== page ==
After last week’s surge, the company is now stuck below $100.
After an absolutely historic surge last week that shook Wall Street to its core, it seems the incredible GameStop gravy train is finally grinding to a halt. Compared to record highs of nearly $500 a share last week, GameStop shares are currently worth approximately $75 per at time of writing, a drop of over 80% in value.
In the last several days, the stock’s short interest began to tumble, an indicator of just how many shares were borrowed and held on to. The members of the WallStreetBets Subreddit that instigated this event, which currently numbers over 8 million members as a result of the increase in publicity, each individually stand to lose billions of dollars.
“These things can last longer than people expect, but when they unwind they can unwind pretty fast,” said Baird investment strategist Ross Mayfield. “When it’s complete speculation mania and gambling, someone is going to be left holding the bag.”
While the stocks may not be going “to the moon,” as many Redditors have repeated, market analysts and activists have suggested that this event has revealed numerous fatal flaws present in the system.
A practice known as payment for order flow helped set the stage for the GameStop trading frenzy, and is likely to draw attention in Congress https://t.co/TMIZOwCQG7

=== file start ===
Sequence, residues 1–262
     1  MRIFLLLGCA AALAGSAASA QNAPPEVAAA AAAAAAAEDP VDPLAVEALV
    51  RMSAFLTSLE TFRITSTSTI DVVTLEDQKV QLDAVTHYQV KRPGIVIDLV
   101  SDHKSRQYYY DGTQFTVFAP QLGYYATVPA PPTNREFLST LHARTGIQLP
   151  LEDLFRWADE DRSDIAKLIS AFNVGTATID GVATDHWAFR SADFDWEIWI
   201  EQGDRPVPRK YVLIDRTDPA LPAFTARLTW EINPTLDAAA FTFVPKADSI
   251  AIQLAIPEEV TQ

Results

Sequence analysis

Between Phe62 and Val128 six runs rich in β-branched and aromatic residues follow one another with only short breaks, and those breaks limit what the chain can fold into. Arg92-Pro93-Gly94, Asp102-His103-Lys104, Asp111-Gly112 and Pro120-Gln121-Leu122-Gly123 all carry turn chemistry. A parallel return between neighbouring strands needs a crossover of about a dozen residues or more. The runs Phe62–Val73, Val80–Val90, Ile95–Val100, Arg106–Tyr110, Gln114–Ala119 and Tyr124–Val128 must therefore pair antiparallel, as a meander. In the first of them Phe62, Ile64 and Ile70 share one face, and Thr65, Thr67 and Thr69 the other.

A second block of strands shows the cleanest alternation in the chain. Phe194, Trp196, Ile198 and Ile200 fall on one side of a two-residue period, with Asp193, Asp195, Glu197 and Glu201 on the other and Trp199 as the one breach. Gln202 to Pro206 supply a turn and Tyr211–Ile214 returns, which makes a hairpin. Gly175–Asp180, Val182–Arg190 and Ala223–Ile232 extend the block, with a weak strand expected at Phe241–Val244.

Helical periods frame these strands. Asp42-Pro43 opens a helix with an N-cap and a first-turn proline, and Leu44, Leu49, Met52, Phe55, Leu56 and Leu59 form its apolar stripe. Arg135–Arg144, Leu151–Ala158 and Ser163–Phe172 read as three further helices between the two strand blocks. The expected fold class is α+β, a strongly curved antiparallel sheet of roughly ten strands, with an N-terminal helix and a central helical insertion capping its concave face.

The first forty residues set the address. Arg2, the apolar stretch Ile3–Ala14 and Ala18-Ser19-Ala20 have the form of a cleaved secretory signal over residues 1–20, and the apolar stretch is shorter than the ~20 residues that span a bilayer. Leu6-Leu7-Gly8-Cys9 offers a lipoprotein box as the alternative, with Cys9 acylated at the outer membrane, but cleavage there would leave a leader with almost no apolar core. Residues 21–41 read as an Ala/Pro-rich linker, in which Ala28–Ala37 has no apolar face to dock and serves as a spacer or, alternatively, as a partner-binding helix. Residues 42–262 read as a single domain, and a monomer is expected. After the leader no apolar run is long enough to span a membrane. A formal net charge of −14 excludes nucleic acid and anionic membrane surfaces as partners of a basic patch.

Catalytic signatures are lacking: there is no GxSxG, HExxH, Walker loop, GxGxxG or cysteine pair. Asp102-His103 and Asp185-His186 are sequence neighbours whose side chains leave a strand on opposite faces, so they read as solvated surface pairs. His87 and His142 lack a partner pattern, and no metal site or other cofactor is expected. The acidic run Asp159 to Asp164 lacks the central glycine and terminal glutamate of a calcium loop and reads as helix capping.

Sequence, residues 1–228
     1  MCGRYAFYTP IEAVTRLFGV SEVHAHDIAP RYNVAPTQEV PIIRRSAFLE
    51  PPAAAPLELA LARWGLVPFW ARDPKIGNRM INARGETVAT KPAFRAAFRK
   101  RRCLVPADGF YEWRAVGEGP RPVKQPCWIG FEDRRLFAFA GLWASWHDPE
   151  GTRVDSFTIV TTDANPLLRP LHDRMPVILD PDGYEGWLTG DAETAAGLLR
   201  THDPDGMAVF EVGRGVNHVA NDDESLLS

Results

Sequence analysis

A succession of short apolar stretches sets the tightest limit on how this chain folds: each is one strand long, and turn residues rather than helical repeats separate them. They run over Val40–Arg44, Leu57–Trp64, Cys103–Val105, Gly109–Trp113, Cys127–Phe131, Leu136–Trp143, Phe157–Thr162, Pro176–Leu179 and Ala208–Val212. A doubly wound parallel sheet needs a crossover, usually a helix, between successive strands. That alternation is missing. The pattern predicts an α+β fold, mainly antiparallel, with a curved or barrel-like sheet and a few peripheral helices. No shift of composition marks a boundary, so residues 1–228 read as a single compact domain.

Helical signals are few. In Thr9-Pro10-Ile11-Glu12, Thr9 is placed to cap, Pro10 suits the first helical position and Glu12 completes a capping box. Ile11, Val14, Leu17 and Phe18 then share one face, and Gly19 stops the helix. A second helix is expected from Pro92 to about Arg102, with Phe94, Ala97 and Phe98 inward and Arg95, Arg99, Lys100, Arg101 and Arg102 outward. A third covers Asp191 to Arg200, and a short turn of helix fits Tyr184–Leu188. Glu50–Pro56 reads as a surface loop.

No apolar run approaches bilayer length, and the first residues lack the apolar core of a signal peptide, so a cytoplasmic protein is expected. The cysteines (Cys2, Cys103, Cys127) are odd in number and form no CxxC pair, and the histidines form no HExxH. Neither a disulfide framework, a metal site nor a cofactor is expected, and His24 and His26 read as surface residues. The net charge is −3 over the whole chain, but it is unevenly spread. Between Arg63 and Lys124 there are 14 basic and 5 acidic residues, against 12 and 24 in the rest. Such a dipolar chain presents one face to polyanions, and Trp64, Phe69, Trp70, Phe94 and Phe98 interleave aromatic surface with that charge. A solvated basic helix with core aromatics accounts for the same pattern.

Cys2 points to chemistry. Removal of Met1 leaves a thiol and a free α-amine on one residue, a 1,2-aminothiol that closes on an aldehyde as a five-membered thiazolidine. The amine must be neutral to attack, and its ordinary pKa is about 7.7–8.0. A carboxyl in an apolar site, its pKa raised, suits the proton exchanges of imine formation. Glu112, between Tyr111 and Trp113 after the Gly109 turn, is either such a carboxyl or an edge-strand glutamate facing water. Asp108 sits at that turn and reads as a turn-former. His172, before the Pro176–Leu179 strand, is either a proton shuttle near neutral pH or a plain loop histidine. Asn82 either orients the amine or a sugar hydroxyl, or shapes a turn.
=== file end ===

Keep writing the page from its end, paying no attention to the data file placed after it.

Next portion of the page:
— The Wall Street Journal (@WSJ) February 4, 2021
“They were broken before GameStop, but GameStop and these meme stocks just show how broken they are now. Now, the reason they’re broken is because fundamentals matter less and less every day,” Muddy Water Research founder Carson Block told Yahoo Finance.
“‘What’s the float? What are flows into the stock from passive going to be? What is the gamma embedded in the options that are outstanding?’ This is not asking the question the markets are designed to answer, which is, ‘Which companies are going to take capital and create value?’ And when we’re past that tipping point, it’s kind of fair to ask, ‘What’s the point of these markets?’”